Although I am proud of my running and intend to continue running to keep myself (in particular, my heart) in shape, the novelty is wearing off. Somewhere in the back of my mind keeps floating the thought of my rusty, but one-time ideal yoga practice.
About 4 months before Mike was killed we spent a lot of time talking about our future, what we would be like together in our future life, how our family would run, etc. We decided we would have a healthy family, and do as much as possible to control our own health and that of our future children. To do this we thought it was necessary to begin all the healthy habits we could immediately so that it was easy to pass them on. We called it the "Healthy Family Plan." He had a lot more down time and he was working out a lot, and I promised I would try some different workouts and find something that I really enjoyed. I had toyed with the idea of yoga before. The deep breathing, the stretching and building of long, lean muscles all appealed to me, but in that sort of "hip, hollywood" way. After some research I found a class at the Westlake Rec Center and went 3 times a week. I feel in love. What I mean is that the teacher was amazing and presented the practice in a way that constantly appealed to me. I looked forward to going, and on long work days when I wanted to skip the night class I would realize on my drive home that it was so very worth it for me to go. It completely changed my state of mind for the day. It was like a reset button for me. I told Mike how much I was enjoying it, how I had found the workout that not only was making me stronger but that I wanted to do. This concept was so foreign to me.
My yoga classes were on Tuesday and Thursday nights- and Saturdays. Thursday, September 24, 2008 I was in yoga class. I remember what I wore- a navy blue tank top and gray yoga pants. I remember where I sat in the class, on the right side sort of in the middle. I came home after, and wrote Mike an email saying that I was glad I went to class tonight, it had calmed my nerves from a stupid fight I had with my mom earlier in the day. Then I said to him something like, "Baby, I'm really done with this. I want you home. I want this to be over. I don't know how much longer I can do this. I just want to have our wedding, and you back, now." He was already gone. He never received that message. I had no idea.
I know many women who knew something was different in the moments after their husband's death, before they were notified. Because of the time difference and circumstances, it takes a little while for the news to travel. I had no idea. I felt no different, except for my need to be near him, which was not a new feeling in the 11 months we were apart. I wasn't even worried. I say that in the way that those of you who have experienced deployed spouses will understand. I was in a constant state of worry being that he was deployed to a war zone, but at that point I was accustomed to living with that feeling and although I had that constant worry, I was more impatient with the time we still had left. I was more consumed with the thoughts of how amazing our wedding would be if we could only get there. I never, for a second, thought he was dead until I talked to my father, and then his father, the next morning.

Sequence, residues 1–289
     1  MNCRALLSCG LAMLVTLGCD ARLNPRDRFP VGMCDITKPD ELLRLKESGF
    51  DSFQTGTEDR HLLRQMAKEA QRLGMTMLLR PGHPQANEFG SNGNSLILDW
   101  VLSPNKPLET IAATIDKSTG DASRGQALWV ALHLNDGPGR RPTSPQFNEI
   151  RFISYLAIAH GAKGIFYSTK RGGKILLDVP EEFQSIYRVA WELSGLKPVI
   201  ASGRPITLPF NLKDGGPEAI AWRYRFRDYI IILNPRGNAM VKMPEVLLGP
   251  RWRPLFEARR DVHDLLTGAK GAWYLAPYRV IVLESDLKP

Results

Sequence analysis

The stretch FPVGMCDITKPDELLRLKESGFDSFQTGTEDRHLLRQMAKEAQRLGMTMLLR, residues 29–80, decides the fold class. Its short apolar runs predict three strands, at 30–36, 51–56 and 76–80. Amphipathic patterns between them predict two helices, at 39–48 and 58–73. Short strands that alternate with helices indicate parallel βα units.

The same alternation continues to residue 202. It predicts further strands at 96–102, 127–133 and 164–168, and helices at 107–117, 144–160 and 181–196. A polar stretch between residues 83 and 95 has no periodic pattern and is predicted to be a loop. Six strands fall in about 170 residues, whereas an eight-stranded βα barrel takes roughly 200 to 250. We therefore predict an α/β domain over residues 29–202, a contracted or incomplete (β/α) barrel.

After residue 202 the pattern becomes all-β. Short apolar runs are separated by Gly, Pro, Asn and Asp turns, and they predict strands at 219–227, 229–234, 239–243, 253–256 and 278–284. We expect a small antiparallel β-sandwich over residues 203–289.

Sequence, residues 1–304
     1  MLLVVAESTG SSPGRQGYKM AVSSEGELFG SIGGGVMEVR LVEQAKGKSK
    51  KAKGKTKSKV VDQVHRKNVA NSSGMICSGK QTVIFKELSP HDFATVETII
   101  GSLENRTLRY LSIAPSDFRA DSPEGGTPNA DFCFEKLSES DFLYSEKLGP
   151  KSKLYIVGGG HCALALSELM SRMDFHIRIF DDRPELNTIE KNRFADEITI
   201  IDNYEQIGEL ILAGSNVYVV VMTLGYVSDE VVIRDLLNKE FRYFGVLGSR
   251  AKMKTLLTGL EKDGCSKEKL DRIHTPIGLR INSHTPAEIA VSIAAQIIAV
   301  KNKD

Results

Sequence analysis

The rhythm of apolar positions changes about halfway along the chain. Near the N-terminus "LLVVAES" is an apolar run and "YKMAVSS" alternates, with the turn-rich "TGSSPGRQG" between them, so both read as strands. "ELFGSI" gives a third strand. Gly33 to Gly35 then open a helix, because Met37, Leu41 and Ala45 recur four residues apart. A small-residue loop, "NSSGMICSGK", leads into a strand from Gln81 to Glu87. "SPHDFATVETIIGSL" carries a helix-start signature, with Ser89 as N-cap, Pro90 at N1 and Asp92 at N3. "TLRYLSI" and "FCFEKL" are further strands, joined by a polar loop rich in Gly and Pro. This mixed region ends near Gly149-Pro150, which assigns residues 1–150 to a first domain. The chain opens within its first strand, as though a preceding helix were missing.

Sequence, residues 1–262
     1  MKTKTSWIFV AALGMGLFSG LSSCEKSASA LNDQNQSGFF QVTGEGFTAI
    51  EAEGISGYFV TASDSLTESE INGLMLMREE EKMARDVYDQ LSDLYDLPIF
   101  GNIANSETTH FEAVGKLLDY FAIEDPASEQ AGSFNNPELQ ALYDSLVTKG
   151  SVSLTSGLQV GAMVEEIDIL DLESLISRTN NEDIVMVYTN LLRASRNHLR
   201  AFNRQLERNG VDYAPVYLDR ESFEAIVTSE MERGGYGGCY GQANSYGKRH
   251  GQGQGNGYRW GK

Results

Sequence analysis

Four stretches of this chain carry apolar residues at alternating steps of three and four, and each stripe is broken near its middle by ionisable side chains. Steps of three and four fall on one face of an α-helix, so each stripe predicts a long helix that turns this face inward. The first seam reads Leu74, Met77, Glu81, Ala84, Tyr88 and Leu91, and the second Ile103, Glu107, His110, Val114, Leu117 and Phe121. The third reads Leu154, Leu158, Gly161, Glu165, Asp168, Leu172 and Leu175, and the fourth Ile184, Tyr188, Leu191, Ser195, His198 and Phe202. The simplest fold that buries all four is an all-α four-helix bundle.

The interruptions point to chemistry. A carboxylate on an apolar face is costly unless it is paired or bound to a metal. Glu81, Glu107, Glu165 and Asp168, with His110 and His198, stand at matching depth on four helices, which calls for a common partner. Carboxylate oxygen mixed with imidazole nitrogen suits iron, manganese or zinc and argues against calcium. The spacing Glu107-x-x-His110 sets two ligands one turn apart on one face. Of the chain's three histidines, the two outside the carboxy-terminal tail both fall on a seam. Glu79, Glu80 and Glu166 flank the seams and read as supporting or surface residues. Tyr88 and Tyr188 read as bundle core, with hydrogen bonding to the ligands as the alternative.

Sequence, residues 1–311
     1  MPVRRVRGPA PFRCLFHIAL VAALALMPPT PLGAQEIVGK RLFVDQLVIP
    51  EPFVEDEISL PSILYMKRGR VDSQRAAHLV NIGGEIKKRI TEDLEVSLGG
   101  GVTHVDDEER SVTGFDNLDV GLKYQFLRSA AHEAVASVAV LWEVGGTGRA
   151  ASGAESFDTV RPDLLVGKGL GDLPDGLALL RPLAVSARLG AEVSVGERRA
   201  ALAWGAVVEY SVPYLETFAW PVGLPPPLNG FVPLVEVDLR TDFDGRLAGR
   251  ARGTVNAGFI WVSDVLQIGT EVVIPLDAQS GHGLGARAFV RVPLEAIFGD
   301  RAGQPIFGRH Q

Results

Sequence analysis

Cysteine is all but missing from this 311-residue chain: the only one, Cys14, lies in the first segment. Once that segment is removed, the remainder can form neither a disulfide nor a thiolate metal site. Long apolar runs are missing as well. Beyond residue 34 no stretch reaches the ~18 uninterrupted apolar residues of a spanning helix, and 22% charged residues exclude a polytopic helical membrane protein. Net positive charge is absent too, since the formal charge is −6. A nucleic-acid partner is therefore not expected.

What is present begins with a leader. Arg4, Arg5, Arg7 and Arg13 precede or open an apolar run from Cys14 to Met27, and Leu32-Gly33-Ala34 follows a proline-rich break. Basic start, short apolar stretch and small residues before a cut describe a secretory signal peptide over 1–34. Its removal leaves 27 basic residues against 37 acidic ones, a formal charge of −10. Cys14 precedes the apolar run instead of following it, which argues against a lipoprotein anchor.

So in the moments when he was scared, nervous, in pain, worried about all of us back here, telling his commander to tell me he loved me, in all those moments I was peacefully breathing through some pose with no idea what was happening.
These thoughts have kept me from yoga. When I began to be ready to workout again, I knew that I could not get back into that. I have tip-toed and toyed with the idea for more than 2 years now. I have bought a couple DVDs that I've done zero times. I dusted off an old DVD that I've done once. I downloaded an app that I did for about a week. I researched and found classes around Westlake, and even at the bally's I was a member of, but I can't take that final step to actually do it.
I looked in my current location and found a couple studios that looked inviting and do-able. Nick found a groupon to one of those studios and when he sent it to me I decided it was meant for me to being again. I bought it. For 2 weeks now I've intended to use it. I've looked at their website about 20 times. I've planned out a schedule that will allow me to try several classes. I was going to go 2 days ago. Then I was going to go yesterday. Then I was going to go today. I haven't gone yet. It's difficult, but surely I've done more difficult things. Thinking about those minutes before he passed are one of the things that still hangs in the hollows of my inner caves of grief. I shut the doors and hope they will clear out, but until I face it, move past it, realize it may be more beneficial than harmful, I don't think it will go away.